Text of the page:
Jennifer Mitchell '04 majored in English before earning an M.A. in English at Washington University in St. Louis, and a M.Phil. and Ph.D. in English at the City University of New York Graduate Center. Now Union’s John D. MacArthur Assistant Professor of English, she teaches courses in English and gender, sexuality, and women’s studies, including queer theory, modernism and modernity, the contemporary British imagination, and uncanny texts. While Jennifer was in graduate school in New York City, she worked on the executive board of CLAGS: The Center for LGBTQ Studies, an organization committed to queer activism, advocacy and scholarship. She enjoys cooking, throwing parties and is at the “the beck and call of three different cats.”
What are the most challenging and rewarding aspects of your career or volunteer activities?
I love exposing my students to literature written to/for/about them—not just old-dead-white-man literature that other old dead white men decided was important. As a result, I love introducing students to texts and ideas that change the way that they think about the world.
Who inspired/inspires you, both professionally and personally?
I am constantly inspired by strong women in my life: my mom and my sister, my incredible colleagues, the three junior modernist scholars I work with—Erica Delsandro, Laurel Harris and Lauren Rosenblum. I’m inspired by outspoken activists who fight for a better world.
What advice would you offer today’s women students, not just at Union, but across the country?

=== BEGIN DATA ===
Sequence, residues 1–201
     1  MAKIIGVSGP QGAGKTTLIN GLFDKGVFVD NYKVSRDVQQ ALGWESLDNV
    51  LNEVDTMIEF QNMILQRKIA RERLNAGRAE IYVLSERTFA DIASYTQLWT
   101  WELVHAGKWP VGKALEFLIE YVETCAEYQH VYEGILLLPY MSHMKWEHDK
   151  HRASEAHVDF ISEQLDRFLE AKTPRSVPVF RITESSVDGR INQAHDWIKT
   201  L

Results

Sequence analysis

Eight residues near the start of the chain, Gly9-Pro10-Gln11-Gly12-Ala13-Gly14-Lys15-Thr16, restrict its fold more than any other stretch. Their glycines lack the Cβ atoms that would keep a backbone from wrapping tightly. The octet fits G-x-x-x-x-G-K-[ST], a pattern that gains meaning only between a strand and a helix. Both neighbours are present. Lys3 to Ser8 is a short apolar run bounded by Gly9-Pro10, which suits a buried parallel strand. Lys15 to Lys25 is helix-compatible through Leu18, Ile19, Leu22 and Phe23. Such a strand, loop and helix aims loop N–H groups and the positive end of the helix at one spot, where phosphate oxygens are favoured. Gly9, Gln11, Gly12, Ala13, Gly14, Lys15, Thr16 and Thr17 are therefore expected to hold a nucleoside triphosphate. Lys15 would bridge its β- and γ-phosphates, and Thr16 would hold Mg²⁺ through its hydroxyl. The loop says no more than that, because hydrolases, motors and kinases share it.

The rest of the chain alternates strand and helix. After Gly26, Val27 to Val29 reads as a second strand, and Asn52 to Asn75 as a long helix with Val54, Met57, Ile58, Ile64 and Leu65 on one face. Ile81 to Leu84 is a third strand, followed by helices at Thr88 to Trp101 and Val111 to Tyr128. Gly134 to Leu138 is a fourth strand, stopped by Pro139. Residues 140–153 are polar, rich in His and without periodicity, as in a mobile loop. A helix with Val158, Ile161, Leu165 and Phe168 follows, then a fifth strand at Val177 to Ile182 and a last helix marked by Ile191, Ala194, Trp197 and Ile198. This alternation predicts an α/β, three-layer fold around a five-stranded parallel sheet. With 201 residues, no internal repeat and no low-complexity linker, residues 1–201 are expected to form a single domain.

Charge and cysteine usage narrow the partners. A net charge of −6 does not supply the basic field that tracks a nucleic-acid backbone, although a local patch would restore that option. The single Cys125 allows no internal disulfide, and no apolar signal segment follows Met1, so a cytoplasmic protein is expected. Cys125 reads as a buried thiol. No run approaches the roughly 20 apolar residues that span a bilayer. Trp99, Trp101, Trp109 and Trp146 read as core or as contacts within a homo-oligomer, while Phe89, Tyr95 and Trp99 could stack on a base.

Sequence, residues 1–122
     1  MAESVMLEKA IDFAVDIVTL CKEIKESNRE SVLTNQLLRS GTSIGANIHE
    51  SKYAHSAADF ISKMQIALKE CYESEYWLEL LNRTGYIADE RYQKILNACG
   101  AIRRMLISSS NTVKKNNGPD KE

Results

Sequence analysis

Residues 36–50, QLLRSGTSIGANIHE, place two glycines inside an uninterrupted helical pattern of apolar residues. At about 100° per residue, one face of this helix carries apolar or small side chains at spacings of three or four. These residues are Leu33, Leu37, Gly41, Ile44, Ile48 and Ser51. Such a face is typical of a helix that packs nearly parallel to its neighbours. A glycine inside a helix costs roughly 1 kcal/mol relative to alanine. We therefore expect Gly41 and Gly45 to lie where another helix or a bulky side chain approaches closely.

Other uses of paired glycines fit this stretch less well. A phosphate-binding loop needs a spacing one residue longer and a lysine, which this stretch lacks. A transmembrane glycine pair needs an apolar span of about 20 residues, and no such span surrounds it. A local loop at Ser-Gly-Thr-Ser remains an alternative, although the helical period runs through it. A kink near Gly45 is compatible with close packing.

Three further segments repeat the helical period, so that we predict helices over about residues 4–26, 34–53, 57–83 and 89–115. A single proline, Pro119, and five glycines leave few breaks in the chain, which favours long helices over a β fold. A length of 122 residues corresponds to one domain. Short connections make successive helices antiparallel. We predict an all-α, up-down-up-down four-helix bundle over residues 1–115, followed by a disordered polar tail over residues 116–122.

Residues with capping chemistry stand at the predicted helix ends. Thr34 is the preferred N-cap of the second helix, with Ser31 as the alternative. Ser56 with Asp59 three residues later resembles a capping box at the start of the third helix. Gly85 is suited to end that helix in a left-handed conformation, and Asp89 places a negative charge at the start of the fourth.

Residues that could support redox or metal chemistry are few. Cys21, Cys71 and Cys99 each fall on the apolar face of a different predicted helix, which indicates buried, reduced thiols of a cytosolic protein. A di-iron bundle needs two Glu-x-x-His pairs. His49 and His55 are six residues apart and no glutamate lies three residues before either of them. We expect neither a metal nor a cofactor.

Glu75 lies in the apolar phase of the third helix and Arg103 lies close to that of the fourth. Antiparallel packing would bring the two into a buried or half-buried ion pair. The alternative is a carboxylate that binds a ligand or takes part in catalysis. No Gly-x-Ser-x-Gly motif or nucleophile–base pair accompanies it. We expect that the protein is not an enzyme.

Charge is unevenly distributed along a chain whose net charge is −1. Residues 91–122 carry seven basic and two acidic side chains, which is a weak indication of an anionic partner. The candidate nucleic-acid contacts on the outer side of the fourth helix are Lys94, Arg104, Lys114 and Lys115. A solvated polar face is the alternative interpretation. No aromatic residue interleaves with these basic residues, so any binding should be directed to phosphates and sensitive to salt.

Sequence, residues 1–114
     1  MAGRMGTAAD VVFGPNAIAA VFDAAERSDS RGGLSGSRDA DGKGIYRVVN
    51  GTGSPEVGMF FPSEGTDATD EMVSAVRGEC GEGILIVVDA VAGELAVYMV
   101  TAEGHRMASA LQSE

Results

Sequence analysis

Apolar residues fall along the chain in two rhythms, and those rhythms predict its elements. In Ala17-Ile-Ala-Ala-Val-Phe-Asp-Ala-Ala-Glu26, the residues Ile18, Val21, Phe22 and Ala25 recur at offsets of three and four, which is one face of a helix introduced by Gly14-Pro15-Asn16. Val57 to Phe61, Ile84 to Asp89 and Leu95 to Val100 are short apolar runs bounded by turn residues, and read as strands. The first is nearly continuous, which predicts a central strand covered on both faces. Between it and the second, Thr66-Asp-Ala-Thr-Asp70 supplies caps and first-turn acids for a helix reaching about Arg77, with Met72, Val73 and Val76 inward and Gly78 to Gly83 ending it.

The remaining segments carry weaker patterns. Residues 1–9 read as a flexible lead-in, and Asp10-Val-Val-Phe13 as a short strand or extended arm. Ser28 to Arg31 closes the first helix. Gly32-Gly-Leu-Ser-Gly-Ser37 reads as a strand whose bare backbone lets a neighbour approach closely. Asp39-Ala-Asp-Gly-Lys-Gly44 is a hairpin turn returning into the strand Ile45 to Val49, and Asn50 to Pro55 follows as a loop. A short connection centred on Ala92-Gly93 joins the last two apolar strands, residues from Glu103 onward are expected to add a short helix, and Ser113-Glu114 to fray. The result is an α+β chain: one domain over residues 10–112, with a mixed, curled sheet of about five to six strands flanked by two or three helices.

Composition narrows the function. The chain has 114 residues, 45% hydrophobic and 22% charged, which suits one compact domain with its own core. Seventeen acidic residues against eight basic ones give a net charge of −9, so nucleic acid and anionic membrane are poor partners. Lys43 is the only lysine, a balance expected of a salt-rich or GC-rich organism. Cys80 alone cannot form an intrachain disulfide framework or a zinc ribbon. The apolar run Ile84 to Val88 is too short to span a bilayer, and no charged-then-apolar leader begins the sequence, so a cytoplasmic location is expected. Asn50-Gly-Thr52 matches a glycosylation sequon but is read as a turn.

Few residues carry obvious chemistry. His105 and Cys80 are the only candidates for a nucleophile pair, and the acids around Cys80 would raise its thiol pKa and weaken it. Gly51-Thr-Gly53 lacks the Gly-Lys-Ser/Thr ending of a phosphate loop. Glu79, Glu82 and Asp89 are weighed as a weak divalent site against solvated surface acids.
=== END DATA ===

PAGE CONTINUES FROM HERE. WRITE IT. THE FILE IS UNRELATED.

Make space for yourself. This is not easy advice, but there won’t always be a space for you carved out wherever you want to go; it’ll be up to you to tear it open for yourselves. Then, it’s your responsibility to ensure that it’s open to other women and otherwise marginalized groups of people.
What was your most formative experience at Union?
This is a really tough question. On one hand, I want to talk about the fact that I met my best friends from college immediately. And they’re still my best friends. On the other hand, I feel like I should admit that I thought for sure I was going to go to law school after graduation in order to get into politics. And then, I interned for a politician I really admire and realized that I am not at all diplomatic enough to work in politics. That changed everything for me. I went back to English as a major, took classes with some of the faculty members that I’m now lucky enough to call my colleagues, and never really looked back.